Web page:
Hence, the petition for certiorari.
All the petitioner PCGG contends in the instant petition is that the criminal complaint against the respondents is not barred by prescription based on the following grounds: 1) the right of the state to recover behest loans as ill-gotten wealth does not prescribe pursuant to Article XI, Section 15, of themotu propio dismiss the complaint on the ground of prescription; 6) Article 91 of theprescription, both acquisitive and extinctive, does not run against the state as per Article 1108, par. 4, of the
The issue regarding the computation of prescriptive period for offenses involving the acquisition of behest loans has already been laid to rest in the case of Presidential Ad-Hoc Fact Finding Committee on Behest Loans vs. Desierto thus:
. . . It was well-nigh impossible for the State, the aggrieved party, to have known the violations of
The assertion by the OMBUDSMAN that the phrase "if the same be not known" in Section 2 of
Significantly, however, it appears from the assailed resolution and order of respondent Ombudsman that the sole basis for the dismissal of the complaint was insufficiency of evidence or lack of probable cause that respondents violated Section 3, paragraphs (e) and (g), of to the comments of the respondents did the petitioner question the said basis of the dismissal of the complaint. By reason of the petitioner's failure to squarely address the said issue in the instant petition for certiorari, the finding and conclusion of the Ombudsman that "there is no sufficient evidence against respondents, both public and private, so as to make them liable for criminal prosecution in court for violation of the EAHcCT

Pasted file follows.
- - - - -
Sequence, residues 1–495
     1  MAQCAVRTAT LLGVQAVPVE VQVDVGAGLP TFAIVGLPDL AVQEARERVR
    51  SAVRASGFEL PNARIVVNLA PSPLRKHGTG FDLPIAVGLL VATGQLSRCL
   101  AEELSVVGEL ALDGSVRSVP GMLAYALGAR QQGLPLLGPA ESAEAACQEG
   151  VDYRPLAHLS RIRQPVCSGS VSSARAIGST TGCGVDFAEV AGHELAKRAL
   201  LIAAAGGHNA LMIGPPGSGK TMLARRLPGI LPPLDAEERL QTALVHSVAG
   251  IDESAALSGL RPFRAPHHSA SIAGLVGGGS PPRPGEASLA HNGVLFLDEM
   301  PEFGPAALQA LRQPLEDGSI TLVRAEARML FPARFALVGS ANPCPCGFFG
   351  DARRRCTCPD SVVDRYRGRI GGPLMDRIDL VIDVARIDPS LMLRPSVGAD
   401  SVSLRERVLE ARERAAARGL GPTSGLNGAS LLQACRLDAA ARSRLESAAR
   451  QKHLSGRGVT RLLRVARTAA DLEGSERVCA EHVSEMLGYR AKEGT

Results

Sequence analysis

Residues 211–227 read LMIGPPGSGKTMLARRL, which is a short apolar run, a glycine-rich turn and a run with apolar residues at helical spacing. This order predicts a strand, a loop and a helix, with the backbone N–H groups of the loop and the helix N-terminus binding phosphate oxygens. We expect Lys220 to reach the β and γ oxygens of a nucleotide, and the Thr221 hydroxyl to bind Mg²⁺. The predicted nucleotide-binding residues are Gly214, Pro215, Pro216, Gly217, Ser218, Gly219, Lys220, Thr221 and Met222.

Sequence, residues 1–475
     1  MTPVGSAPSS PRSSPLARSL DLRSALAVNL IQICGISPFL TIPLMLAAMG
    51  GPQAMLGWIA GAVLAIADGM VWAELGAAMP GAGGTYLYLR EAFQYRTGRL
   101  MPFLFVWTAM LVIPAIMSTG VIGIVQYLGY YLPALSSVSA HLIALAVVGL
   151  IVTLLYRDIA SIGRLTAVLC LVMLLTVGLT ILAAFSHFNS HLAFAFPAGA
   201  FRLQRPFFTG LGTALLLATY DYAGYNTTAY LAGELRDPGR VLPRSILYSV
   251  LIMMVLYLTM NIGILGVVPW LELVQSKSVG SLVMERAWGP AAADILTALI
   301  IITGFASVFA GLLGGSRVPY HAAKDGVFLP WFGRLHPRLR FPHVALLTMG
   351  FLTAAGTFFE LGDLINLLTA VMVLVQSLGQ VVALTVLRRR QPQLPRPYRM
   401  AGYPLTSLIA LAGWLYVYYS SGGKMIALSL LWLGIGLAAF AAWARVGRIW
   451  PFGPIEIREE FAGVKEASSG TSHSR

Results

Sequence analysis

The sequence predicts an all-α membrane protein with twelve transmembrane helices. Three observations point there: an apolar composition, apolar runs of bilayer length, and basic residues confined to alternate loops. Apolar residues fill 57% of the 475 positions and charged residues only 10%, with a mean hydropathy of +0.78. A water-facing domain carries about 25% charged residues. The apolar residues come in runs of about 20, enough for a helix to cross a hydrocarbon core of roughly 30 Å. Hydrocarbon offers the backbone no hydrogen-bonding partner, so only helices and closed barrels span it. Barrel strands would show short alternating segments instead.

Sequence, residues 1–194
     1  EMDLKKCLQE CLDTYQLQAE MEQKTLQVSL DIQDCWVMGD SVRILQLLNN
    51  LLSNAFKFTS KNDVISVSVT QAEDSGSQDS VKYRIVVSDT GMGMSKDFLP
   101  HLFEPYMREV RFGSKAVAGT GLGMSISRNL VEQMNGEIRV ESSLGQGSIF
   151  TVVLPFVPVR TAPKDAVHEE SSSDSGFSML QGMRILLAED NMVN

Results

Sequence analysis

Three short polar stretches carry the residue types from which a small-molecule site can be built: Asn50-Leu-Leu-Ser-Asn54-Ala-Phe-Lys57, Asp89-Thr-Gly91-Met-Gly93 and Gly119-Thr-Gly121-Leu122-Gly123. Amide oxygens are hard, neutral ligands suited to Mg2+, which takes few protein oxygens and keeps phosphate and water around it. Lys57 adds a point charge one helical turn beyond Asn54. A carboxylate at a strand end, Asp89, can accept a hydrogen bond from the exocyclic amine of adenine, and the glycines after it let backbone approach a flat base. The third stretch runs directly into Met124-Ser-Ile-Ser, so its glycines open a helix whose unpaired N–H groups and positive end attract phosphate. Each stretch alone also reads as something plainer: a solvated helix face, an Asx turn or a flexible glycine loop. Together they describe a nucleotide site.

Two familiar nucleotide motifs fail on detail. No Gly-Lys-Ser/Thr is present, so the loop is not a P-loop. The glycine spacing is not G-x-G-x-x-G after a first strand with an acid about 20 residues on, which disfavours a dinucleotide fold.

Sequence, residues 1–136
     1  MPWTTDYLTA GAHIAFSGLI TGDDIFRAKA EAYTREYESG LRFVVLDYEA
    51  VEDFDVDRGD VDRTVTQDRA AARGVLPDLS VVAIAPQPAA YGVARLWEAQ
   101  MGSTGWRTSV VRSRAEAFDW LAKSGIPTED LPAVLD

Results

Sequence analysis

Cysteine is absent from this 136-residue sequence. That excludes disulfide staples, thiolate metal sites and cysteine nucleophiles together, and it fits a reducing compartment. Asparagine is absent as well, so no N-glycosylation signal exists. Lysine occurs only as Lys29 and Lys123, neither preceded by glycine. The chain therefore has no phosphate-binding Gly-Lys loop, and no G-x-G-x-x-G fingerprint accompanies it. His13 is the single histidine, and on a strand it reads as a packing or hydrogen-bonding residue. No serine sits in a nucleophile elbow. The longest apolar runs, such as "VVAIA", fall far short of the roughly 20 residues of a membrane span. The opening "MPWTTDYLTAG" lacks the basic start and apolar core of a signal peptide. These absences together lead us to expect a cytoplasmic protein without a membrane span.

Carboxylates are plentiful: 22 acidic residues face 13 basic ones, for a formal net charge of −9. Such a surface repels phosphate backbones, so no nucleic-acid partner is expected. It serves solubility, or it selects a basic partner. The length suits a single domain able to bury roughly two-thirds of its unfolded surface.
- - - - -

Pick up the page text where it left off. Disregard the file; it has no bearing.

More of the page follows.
In any event, there is no grave abuse of discretion on the part of the Ombudsman in his determination of whether or not probable cause exists against the respondents. This Court has consistently held that the Ombudsman has discretion to determine whether a criminal case, given its facts and circumstances, should be filed or not. It is basically his call. He may dismiss the complaint forthwith should he find it to be insufficient in form and substance or, should he find it otherwise, to continue with the inquiry; or he may proceed with the investigation if, in his view, the complaint is in due and proper form and substance. Quite relevant is our ruling in and reiterated in the case of to wit: